Financial services and credit rating agency, Standard & Poor, has lowered Sony's long-term credit and debt rating from A- to a less impressive BBB+.
As one of the so-called "big three" credit rating agencies, S&P's ratings are massively influential. You may recall how late last year, US news agencies were awash with alarmist news of impending financial armageddon. That was due to S&P reducing the nation's credit rating from a nice-shiny AAA to AA+. Thankfully the other two members of the big three didn't follow suit, which, American readers, is why you're reading this in the comfort of your own home, rather than in a shop window as you toast rats over a flaming oil drum. So yes, before you ask, this is kind of a big deal.
"The outlook on the long-term corporate credit rating is negative. We base the downgrade on our view that severe circumstances in Sony's mainstay electronics businesses make a strong recovery in earnings unlikely. We base the negative outlook on the long-term corporate credit rating on our expectation that we could lower the ratings further if we see no meaningful sign of a recovery in Sony's earnings within six to 12 months. We affirmed the 'A-2' short-term corporate credit rating on the company," read an S&P press release.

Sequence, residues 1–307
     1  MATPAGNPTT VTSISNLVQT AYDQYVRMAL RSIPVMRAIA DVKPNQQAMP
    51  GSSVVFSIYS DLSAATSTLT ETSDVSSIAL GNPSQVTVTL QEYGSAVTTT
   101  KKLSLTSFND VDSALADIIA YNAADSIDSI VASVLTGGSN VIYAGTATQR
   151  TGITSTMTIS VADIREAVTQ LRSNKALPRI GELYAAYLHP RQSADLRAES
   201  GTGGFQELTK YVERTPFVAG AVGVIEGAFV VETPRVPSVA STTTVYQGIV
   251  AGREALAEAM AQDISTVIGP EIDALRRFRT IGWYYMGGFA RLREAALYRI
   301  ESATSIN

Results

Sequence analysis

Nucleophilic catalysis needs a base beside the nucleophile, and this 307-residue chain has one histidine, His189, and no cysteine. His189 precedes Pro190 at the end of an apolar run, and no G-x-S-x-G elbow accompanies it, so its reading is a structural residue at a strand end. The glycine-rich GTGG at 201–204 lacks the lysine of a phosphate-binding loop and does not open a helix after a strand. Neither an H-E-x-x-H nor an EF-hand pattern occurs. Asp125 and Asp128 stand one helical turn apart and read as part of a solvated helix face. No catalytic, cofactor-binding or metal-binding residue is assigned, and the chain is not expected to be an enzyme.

This news comes shortly after Sony announced a massive $2.9 billion projected loss for the 2011 fiscal year - which, for those of you who like proper dates that make sense, ends this March. The single-notch downgrade is somewhat mild given Sony's poor performance over the past year, but S&P puts some of the company's financial troubles down to one-off expenses, such as the floods in Thailand which killed nearly 600 people and shut down numerous factories.
While the thus-far poor performance of the PlayStation Vita probably isn't helping, S&P reckons the real problem is Sony's inability to turn a profit on TV sales.
"The outlook on the long-term corporate credit rating on Sony is negative, reflecting our view that we could lower the ratings further if we see no meaningful sign of a recovery in earnings within six to 12 months," the press release continues. "We expect strong price erosion and a fall in demand may delay a recovery in earnings in the company's TV segment and lead to further expenses in restructuring."
The lowered credit rating is just one of many problems newly appointed CEO Kazuo Hirai will have to face. "I thought turning around the PlayStation business was going to be the toughest challenge of my career, but I guess not," he said during one interview. "It's one issue after another. I feel like 'Holy shit, now what?'"